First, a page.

I’m going to start loading .44 Magnum and .44 Special.Â I’ll be doing this for silhouette shooting, so I won’t want a load that will tear my arm off.Â I already ordered 240 grain bullets.Â Heavy to ensure sufficient energy to knock over the animals, but I will be mostly shooting field pistol, so only out to 100 yards.Â So what would be a good .44 load?Â Â Good powder to use?Â Good primer to use?Â Should I be using a lighter bullet maybe?
Also, does it make sense to load 44 magnum brass as if it were 44 special?Â Or is that a no no?
13 thoughts on “Need Some Reloading Advice”
There is a certain threshold beyond which too much empty space in a case causes a risk of detonation (though I don’t know what the reloading term for this automotive phenomenon is)- basically a massive pressure spike from colliding ignition fronts. How close you are to that threshold loading 44 mag cases to 44 special levels, I have no idea.
I would advise against looking for loads from anonymous folks on the internets. Someone could recommend a great load or they could typo and accidentally recommend a load that sends your fingers downrange.
I wouldn’t just ignorantly accept what someone says. I would research first to make sure the recommendation was within what I see from other loading data.
A good low recoil .44 Magnum load would be 6.0 grains of IMR Trail Boss powder under that 240 grain bullet.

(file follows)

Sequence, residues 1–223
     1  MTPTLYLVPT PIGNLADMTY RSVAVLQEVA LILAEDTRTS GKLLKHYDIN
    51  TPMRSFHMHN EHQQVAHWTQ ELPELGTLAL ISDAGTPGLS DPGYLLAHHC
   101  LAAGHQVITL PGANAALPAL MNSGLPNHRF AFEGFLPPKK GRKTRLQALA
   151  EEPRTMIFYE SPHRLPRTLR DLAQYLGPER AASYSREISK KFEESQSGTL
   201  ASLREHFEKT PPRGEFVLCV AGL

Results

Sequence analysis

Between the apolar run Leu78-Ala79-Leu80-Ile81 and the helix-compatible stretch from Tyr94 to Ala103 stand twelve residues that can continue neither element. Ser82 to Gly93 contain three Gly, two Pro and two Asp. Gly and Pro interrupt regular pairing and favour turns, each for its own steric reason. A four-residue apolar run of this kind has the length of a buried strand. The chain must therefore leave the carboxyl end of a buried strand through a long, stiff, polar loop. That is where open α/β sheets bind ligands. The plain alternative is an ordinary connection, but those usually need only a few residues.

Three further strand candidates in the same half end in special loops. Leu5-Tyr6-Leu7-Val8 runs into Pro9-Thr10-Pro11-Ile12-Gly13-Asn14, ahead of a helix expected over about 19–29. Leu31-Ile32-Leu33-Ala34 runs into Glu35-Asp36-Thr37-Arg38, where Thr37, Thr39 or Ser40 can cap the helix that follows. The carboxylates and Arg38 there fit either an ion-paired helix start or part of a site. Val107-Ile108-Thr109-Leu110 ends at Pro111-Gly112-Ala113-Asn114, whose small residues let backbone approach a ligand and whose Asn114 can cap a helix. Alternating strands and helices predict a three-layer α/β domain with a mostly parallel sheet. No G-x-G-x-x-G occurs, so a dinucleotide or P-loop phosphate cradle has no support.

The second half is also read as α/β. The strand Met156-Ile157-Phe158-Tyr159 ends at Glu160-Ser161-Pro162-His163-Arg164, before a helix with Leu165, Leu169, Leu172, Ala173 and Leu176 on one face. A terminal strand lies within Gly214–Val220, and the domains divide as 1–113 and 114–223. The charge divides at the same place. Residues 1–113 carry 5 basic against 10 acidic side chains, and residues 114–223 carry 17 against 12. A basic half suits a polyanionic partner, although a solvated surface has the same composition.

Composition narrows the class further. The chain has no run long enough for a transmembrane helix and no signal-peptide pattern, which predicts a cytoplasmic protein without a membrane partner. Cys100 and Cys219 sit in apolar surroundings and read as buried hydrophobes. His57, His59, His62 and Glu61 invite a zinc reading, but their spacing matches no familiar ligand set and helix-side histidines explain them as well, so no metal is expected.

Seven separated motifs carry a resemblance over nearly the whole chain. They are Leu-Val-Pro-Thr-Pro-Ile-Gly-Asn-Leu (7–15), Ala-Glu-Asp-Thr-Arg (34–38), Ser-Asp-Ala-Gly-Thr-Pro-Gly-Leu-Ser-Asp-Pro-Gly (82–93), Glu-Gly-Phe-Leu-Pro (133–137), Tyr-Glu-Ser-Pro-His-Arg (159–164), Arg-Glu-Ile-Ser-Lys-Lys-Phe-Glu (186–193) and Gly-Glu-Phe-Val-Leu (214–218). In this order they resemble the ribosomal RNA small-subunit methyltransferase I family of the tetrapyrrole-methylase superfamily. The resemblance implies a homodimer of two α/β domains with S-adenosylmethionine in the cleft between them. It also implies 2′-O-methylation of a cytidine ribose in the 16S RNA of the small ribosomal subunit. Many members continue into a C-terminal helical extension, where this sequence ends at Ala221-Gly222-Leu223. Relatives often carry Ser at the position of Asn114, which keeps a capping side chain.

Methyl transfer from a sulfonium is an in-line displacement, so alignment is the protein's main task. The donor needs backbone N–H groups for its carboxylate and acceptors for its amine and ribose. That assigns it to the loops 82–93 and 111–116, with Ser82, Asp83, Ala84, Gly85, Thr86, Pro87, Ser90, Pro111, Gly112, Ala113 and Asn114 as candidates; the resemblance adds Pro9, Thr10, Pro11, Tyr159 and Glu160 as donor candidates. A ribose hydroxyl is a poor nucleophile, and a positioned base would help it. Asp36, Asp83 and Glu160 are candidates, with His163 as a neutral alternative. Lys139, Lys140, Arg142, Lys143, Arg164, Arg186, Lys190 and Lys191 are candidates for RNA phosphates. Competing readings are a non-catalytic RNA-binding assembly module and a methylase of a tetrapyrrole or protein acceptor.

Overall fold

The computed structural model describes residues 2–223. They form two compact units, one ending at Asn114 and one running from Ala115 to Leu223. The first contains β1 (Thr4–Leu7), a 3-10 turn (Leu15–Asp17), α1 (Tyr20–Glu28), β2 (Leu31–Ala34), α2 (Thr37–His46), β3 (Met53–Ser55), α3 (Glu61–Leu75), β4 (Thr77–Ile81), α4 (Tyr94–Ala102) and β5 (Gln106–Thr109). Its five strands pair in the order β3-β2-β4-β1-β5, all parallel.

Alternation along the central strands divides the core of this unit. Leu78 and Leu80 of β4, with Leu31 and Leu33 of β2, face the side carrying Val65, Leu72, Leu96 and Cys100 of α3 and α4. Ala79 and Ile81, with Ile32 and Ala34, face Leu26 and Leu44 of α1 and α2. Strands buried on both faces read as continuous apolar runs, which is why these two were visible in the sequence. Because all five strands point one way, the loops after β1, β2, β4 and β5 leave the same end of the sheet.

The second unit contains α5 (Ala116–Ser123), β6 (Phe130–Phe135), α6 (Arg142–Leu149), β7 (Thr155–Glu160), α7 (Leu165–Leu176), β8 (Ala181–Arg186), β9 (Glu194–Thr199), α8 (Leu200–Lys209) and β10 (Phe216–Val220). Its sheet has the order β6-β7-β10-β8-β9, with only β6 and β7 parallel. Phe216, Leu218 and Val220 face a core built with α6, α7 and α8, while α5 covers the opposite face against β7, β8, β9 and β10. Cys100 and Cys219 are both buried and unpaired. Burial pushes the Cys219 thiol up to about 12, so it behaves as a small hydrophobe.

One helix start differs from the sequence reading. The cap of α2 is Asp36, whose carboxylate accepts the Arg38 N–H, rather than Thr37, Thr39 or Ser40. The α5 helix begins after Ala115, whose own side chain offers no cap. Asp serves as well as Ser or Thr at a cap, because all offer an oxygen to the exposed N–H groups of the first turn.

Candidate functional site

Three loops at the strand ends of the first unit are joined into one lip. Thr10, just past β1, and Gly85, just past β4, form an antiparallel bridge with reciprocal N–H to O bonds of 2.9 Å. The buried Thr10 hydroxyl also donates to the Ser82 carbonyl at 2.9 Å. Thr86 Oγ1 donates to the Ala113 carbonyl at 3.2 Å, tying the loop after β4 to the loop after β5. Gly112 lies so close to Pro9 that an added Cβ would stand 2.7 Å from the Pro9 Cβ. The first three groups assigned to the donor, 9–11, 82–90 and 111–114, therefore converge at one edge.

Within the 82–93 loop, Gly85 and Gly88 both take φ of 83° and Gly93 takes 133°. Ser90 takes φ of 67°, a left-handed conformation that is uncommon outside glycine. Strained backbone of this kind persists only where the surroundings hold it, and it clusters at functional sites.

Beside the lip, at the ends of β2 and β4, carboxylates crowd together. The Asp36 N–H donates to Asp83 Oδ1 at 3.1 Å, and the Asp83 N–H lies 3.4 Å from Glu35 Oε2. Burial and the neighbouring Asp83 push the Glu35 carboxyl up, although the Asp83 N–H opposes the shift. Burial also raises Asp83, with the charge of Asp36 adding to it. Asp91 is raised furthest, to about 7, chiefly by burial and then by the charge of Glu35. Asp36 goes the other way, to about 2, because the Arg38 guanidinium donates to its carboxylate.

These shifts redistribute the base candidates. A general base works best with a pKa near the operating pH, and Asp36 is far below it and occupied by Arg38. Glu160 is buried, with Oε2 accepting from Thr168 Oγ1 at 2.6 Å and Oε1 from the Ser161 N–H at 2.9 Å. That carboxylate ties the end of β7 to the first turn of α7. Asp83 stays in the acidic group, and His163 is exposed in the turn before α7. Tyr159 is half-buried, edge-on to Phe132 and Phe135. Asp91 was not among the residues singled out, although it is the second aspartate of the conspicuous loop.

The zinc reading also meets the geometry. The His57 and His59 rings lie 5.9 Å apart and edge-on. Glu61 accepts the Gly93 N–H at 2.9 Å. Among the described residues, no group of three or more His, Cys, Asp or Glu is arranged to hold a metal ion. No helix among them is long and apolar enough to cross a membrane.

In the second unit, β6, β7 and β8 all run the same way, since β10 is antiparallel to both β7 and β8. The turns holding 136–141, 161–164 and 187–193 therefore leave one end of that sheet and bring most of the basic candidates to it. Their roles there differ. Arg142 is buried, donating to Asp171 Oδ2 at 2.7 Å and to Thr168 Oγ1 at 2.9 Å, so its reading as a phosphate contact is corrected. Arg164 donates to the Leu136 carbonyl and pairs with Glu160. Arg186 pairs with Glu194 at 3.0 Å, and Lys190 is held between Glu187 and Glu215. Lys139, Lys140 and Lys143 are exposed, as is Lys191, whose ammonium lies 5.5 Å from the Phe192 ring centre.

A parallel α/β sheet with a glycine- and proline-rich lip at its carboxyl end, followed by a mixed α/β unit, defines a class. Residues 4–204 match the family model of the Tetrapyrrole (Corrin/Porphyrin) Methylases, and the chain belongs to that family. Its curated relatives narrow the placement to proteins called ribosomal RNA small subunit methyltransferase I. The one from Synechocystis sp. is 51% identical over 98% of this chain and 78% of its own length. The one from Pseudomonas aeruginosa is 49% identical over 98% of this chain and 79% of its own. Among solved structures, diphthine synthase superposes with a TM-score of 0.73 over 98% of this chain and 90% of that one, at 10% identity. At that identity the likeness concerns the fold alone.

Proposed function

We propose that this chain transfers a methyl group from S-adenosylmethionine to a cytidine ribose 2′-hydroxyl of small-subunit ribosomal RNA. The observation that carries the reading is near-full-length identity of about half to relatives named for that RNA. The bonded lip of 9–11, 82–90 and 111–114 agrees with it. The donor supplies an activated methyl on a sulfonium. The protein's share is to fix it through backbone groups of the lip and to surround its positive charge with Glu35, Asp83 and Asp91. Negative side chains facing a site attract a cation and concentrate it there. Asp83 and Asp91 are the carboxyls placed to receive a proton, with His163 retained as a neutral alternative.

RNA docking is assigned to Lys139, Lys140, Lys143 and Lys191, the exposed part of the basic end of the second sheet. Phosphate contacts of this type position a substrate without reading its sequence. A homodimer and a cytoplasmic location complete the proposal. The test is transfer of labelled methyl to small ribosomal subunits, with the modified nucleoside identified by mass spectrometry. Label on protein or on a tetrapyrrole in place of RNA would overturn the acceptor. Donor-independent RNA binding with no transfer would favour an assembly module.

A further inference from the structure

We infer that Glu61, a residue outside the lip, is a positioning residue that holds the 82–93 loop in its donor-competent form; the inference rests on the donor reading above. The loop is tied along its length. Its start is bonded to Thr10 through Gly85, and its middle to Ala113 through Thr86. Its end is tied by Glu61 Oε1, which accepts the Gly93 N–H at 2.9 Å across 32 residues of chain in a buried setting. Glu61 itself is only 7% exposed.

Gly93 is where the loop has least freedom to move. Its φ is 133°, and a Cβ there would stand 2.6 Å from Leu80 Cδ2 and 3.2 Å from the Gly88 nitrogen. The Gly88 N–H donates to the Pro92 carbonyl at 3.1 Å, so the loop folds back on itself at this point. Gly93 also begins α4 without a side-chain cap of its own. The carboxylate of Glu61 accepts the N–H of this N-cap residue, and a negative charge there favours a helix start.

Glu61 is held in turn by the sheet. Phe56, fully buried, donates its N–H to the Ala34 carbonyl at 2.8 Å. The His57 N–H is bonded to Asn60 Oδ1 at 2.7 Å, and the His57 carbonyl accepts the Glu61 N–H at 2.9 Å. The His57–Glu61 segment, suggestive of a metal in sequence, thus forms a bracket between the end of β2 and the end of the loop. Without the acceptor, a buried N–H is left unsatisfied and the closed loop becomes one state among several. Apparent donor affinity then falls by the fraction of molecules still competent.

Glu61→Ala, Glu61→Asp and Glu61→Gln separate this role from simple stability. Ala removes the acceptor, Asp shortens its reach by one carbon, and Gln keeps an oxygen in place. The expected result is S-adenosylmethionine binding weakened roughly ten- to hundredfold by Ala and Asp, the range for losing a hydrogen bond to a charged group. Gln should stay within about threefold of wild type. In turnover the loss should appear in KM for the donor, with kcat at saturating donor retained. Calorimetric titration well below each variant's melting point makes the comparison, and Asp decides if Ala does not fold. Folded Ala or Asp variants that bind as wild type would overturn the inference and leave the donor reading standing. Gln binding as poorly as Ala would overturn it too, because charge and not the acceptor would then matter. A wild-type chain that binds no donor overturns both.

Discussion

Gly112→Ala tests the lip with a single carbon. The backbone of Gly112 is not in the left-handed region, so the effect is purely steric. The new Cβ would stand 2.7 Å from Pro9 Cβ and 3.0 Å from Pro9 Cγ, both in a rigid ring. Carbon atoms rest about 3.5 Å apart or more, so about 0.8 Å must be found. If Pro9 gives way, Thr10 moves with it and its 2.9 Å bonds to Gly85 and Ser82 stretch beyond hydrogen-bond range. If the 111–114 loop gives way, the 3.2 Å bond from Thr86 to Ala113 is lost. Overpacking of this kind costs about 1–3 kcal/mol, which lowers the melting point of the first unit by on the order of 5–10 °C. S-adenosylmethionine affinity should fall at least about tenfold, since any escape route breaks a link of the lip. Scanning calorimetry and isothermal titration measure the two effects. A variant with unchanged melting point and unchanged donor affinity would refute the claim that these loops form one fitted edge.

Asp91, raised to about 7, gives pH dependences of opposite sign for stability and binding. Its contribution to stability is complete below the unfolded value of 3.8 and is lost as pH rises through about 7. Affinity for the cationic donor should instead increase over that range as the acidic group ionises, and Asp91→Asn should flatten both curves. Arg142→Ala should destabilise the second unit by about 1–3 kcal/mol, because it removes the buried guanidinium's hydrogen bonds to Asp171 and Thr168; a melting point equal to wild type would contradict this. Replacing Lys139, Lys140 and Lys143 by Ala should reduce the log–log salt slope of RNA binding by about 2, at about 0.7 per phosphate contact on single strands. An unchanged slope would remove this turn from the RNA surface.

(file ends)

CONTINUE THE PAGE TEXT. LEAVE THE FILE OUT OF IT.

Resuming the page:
Trail boss is extremely popular for Cowboy shooting, but for your .44 Magnum should be able to meet your needs pretty well.
I’ve had good luck with 2400 for 44 mag loads for quite a few years now.
If you want a light load in 44 mag brass, 7.0 gr of Unique works well with a 240 gr lead bullet.
I suggest going to http://hodgdon.com/ for certified loads – I light-load .44 magnum using their titegroup cowboy loads and hot-load full jacketed using bunches of 2400. Titegroup was developed to be position-insensitive (powder up against the bullet, powder up against the prime, whatever) with light Cowboy loads. Trail Boss is a bulky powder to take up a lot of case space with light loads. My light load is 7.5g Titegroup behind 240g LFP (cowboy load).
All of your questions will be answered at:
Two examples you might like :
240gr LSWC 10.0 gr Unique 1,100 fps OAL 1.6″ primer WLP
Light for a magnum, hot for a special
240gr LSWC 9.0 gr IMR- Hi Skor 700X 1,150 fps
This is a nice target load based on a LSWC that is very easy to find. Average recoil and very accurate. Remington 2 1/2 primer. Crimp into the crimp groove with a heavy roll crimp done in a Lee Carbide Crimp die. Max powder charge is 9.5 grs.
If I were reloading, I’d try for a .44 Special +P load. That would be perfect.
This article is about Elmer Keith’s heavy 44 special load.
After 75 years it still sets the standard.
The 7.0 grains of unique works well with the 240 grain bullet in my Taurus and Rossi 5 shot revolvers.
Energy in this (and nearly all) bullet/target interaction is irrelevant. Momentum is the variable that is important.
I really need to do that blog post “Energy is irrelevant” I’ve been procrastinating about for years…
Makes sense from a physics point of view. I’d be interested to read that.
You’ll probably have to load pretty hot to get a .44 magnum revolver to reach out to 100 yards effectively. I have a .44 magnum lever action rifle. At 50 yards, it hit just a little bit below the point of aim with factory ammo. At 100 yards, I had to aim roughly 18″ to 24″ inches high to be on target.
Ah, yes, momentum, my perpetual foe.
I ran into the energy versus momentum problem when I dreamed up a [fictional] recoilless rifle. Momentum just made more sense.
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